Raptors hope for the best, plan for the rest

Kyle Lowry (Stacy Bengs/AP)

This article originally appeared in Sportsnet magazine.

Such is the history of the Toronto Raptors that every ray of sunshine has been followed by a thunderhead. Tracy McGrady tantalized and then raced out of town. The Vince Carter era gave way to the Vince Carter exit. Bryan Colangelo walked on water until the acquisitions of Jermaine O’Neal, Hedo Turkoglu and Rudy Gay left the franchise deep in the mud of mediocrity.

So it’s hard to look at this unexpected gift basket of a season and not poke carefully for the razors hidden in the coloured paper. It’s a habit. Yes, since Gay was sent to Sacramento on Dec. 8, the Raptors have been one of the best stories in the NBA. Yes, they’ll make the playoffs for the first time in six seasons. But it’s so Rafael Araujo that it’s happening in the year Toronto-area kids Andrew Wiggins and Tyler Ennis promise to be headlining the draft lottery. Of course it’s all happening when the Raptors’ best player, the previously combustible Kyle Lowry, is in a contract year. A playoff spot and the potential of a first-round win aren’t exactly fool’s gold, but is it some short-term success at the expense of something with legs—maybe even an all-star with a Canadian passport?

Raptors GM Masai Ujiri can sense the fear. He even admits things have worked out better than he thought they would. “I’m not going to say I’m a genius and I knew it was going to go this way.”

He didn’t know trading Gay and the $38 million left on his contract for bench pieces would result in DeMar DeRozan flowering and Terrence Ross emerging. He didn’t know Lowry, with his tough-to-coach label, would turn into a nightly triple-double threat.

Most thought the trade signalled a drive to tank the season in the name of a lottery pick. Instead, the Raptors’ share-the-ball, never-quit mentality, personified by Lowry, has provided a winter that has been as much fun as summer, cold beer and patios.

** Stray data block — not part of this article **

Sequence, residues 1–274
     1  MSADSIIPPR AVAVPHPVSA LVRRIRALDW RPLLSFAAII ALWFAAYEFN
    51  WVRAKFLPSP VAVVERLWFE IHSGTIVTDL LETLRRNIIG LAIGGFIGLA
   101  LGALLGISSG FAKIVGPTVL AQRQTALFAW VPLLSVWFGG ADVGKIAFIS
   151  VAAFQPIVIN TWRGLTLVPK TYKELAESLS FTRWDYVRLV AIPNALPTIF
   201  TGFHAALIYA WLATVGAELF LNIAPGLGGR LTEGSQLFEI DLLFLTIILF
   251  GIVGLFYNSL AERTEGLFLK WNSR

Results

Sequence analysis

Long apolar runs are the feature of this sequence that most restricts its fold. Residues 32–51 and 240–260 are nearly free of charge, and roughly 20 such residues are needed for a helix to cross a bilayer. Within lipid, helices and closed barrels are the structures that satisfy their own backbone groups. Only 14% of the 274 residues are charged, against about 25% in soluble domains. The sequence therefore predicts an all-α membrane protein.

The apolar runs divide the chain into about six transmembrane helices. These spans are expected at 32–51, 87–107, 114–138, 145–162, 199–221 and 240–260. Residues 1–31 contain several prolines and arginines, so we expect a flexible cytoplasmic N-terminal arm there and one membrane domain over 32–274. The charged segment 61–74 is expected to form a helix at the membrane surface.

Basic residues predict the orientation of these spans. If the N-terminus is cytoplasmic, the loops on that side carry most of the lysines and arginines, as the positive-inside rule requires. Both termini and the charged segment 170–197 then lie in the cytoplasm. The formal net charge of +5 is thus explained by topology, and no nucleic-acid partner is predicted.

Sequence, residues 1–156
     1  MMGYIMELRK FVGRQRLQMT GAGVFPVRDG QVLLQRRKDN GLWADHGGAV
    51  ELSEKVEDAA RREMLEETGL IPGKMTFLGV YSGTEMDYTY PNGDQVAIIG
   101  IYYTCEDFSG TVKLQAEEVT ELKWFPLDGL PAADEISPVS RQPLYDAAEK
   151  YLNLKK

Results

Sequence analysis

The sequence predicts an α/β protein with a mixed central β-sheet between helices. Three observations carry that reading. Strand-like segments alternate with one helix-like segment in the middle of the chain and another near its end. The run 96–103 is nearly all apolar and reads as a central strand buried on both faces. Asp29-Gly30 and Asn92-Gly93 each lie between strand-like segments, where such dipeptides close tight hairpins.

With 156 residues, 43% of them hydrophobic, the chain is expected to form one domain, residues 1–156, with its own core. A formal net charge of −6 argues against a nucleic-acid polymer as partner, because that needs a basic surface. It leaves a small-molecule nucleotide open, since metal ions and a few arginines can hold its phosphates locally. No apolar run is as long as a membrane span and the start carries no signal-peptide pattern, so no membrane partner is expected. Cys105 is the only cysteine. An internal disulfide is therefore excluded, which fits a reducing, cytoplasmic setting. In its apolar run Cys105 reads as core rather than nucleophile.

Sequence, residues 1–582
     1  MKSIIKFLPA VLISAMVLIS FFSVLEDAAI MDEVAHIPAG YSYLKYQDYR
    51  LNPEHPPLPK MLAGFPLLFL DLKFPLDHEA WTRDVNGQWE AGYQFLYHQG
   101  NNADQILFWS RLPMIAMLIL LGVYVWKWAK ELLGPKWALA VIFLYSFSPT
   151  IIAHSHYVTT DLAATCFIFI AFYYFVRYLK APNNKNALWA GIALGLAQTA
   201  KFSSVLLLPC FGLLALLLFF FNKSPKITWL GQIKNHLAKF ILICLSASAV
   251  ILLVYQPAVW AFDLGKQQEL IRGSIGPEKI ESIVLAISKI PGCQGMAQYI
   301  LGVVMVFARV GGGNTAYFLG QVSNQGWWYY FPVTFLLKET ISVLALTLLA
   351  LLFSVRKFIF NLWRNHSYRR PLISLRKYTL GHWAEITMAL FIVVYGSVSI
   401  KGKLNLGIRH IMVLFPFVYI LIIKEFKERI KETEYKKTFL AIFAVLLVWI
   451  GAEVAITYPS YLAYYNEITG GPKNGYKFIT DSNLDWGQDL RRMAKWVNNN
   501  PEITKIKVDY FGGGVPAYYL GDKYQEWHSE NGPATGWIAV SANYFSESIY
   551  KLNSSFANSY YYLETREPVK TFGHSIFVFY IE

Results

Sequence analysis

But as the hangover hits after a rare playoff appearance, reality could follow with an uppercut: If the ultimate goal is a championship, superstars are helpful, and they are hard to get outside the top few spots in the draft lottery. Has the season of progress been a setback?

Don’t worry—Ujiri can supply the Aspirin. “I didn’t want to finish seventh or eighth or ninth or 10th,” he says. “But even in a bad year in the East, if we finish third, fourth, fifth or at worst sixth, for [our young players] to see the playoffs—now they know why you play the regular season.”

Winning opens up possibilities, Ujiri says. “When people see your team like this, it’s better. If your team is good, people talk about your players. When you’re losing, your players aren’t as valuable.”

Ujiri is like most Raptors fans—he loves this team and the way they’ve surpassed even what he thought they could. But he doesn’t love them that much. He can’t and he shouldn’t. Read between the lines and it’s evident that this season’s promise represents only another step to the ultimate goal.

If the draft lottery is where the Raptors really want to be this June, then maybe the way to get there is a post-season trade, offering some of their good young players and a future draft pick or two for a spot in the top 10—an easier move with the pieces of a winning team.

If repatriating Canadian talent is the plan, perhaps building a stable organization and welcoming them as free agents is the best way to go.

If keeping Lowry and adding to the core that’s here is the route, Ujiri seems prepared for that, too, with salary-cap space and additional picks to barter on hand.

It all speaks to the best part of the Raptors’ unpredictable uptick: If there are clouds on the horizon, Ujiri appears to have brought an umbrella big enough for all.

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